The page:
My name is Jesse and I’m a 32 year old Mom with Loeys-Dietz Syndrome. LDS is a Marfan-like connective tissue disorder that effects my entire body. The connective tissue around the aorta and other blood vessels is weaker. Learn more about LDS here http://www.loeysdietz.org/en/
The biggest complication and fear of mine is aneurysm and dissection of those vessels. I am lucky to have a mild case of my disorder and was blessed to be able to get pregnant when we thought it would be too risky before.
After I gave birth. Not just because I became a parent but because it was extremely tough on my body. I developed more and more chronic pain, and I suddenly had a myriad of stomach issues that made it increasingly hard to eat enough throughout the day. I was fainting more often as well and lost what little energy I had.
I’ve always known I had it but was told all my life it was marfan syndrome.
Even knowing all my life I’ve had a connective tissue disorder, I found it a bit difficult to learn that what I had was something very similar but a little more rare. I was part of a research study to find genes associated with these disorders. Because of the people in that study, a few more genes were discovered and a whole new disorder was discovered, Loeys-Dietz Syndrome.
Before, I’ve had days, weeks, months where it was hard to just get out of bed. Through so much hard work, I’ve kicked almost all my meds and can even exercise now! I’m doing very “normal” things and would even consider myself active for once in my life. I still have many doctors appointments, I get tired more easily than others and still have pain most of the time but I’m feeling way better these days. Even through some pain and trouble eating, I am able to do my house work, play with my son, help out at his school, and go hiking with my husband.
The most challenging thing is my life expectancy. My father and grandfather both died in their mid thirties. Doctors say I have a good chance to live till I’m 70 but this disease is often unpredictable. I don’t want to leave my son without his mom and my husband without his wife.
Do you find that you can keep up with others? Nope. But since doing physical therapy this year and starting to be active, I’m finding it easier. I’ve never been able to keep up with my peers, even as a child. I was kept out of gym class and was always lagging behind everyone physically.
What would you tell others living with your diagnosis? Don’t give in. Don’t give up. Even with restrictions you can fight to keep your body healthy. Fighting by getting off excess medications. Fighting by going to physical therapy to help with pain. Fight back against the weakness and pain. Giving in and not living your life will only make things worse. Movement helps pain. Distractions help us mentally from the stress and depression that comes along with chronic illness. Take pride in every little victory! Life is more challenging for the chronically ill. So those little victories are much bigger for us.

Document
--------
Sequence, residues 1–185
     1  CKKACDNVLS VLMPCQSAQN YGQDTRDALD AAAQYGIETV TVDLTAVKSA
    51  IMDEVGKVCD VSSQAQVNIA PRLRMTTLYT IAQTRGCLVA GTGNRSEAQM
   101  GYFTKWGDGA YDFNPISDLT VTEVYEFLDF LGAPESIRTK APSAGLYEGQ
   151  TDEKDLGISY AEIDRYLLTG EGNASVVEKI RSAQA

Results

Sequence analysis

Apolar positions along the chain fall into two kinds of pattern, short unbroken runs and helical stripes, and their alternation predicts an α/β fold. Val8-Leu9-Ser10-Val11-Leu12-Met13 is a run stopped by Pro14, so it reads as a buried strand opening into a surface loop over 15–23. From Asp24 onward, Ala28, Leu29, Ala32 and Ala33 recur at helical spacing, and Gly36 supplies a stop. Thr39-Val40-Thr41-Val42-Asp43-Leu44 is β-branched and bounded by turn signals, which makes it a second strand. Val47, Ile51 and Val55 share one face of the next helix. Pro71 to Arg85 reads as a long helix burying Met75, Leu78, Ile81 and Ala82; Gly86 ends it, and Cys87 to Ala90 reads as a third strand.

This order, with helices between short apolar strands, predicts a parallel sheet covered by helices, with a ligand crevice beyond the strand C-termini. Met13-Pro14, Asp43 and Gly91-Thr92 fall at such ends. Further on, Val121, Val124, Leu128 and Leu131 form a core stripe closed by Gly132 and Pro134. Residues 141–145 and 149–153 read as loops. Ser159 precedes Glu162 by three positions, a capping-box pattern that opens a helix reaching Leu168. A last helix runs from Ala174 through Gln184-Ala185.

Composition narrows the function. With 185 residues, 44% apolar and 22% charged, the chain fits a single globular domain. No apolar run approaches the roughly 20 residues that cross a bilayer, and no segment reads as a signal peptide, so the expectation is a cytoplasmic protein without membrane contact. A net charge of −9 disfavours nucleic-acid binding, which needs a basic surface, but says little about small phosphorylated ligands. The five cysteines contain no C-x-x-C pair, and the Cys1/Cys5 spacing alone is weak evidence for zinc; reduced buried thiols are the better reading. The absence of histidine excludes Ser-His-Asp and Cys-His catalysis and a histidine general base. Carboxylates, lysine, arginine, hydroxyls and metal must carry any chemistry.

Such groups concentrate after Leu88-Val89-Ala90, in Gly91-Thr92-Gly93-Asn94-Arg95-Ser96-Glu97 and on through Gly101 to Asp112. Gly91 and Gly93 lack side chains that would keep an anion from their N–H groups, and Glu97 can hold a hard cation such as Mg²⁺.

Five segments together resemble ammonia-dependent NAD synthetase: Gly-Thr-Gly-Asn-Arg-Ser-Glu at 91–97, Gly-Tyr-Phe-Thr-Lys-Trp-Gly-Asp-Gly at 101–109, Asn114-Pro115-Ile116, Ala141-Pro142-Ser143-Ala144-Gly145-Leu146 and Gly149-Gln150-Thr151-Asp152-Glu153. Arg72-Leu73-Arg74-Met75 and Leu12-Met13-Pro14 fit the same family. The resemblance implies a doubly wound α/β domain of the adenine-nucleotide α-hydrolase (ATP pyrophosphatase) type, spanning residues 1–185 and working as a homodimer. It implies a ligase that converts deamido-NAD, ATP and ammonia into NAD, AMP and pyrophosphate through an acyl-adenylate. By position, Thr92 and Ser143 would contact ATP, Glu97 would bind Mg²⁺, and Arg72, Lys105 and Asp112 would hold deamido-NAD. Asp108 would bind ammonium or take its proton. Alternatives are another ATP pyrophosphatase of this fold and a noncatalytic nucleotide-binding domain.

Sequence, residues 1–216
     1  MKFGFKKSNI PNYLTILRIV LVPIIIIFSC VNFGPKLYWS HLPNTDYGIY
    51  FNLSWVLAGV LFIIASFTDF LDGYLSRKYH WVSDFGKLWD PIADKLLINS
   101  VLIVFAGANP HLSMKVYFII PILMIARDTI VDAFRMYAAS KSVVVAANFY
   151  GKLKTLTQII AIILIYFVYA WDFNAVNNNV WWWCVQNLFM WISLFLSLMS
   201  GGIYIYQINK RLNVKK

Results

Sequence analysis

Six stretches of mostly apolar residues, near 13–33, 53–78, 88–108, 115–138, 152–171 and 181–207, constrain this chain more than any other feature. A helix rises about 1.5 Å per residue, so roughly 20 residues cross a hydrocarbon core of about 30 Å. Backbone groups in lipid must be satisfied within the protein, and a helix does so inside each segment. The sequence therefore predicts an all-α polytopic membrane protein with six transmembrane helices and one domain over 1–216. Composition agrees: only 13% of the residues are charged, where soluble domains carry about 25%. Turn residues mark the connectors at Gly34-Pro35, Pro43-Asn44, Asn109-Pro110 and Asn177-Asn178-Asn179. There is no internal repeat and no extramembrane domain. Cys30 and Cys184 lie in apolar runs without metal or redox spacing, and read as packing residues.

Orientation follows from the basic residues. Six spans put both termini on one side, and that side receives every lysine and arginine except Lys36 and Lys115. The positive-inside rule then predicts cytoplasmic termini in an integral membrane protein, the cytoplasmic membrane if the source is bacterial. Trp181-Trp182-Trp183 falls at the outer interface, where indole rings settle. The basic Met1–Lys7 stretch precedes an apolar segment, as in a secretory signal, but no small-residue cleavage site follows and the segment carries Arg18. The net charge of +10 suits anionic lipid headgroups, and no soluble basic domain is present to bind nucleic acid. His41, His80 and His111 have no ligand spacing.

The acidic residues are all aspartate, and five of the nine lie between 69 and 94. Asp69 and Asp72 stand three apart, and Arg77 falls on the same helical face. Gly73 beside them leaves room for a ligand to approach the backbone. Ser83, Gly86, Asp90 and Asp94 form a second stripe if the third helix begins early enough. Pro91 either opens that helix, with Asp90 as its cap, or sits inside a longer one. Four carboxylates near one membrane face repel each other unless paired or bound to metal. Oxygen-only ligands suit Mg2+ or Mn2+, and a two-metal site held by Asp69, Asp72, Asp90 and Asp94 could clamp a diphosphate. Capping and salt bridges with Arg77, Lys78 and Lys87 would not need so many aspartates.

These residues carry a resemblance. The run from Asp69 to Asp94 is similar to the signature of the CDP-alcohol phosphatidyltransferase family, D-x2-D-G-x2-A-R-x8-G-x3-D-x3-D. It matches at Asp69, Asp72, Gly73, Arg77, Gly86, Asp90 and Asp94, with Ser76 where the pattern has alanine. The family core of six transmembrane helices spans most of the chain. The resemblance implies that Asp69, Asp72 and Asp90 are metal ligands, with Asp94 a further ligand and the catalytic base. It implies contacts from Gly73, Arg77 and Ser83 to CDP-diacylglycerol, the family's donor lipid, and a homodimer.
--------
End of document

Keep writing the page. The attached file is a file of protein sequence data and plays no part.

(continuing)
What would you like to tell others that don’t live with a similar diagnosis? Be kind always. You don’t know what someone is living with unless you’re them. My disease is often considered an invisible illness. I may look like a healthy young woman but I have a handicapped placard for my car. I have long, working legs so most people assume I am just being lazy. You can’t see my bad heart. You can’t see a fainting disorder. So just be kind because that person that looks like a mess could be just getting out of the hospital or out of the house for the first time in a long time. We have enough to worry about and to be sad about. We don’t need to worry about what others might be thinking of us.
That I am stronger than I believed. I can do more than I ever thought possible.
I have tried almost vall the pain medications in the world. I have tried medicines to help me sleep and ones to help induce an appetite. Medicines aren’t always the answer. Through hard work and lifestyle changes, I’m achieving most of what those pills did for me WITHOUT the nasty side effects. Work hard and you’ll find something that helps. It’s worth it. I promise.
Thank you for sharing your story with me and with the world. Your persevering spirit rings true in your words. It’s amazing how illness makes us realize amazing things about ourselves like you said yourself Jesse, “That I am stronger than I believed. I can do more than I ever thought possible.”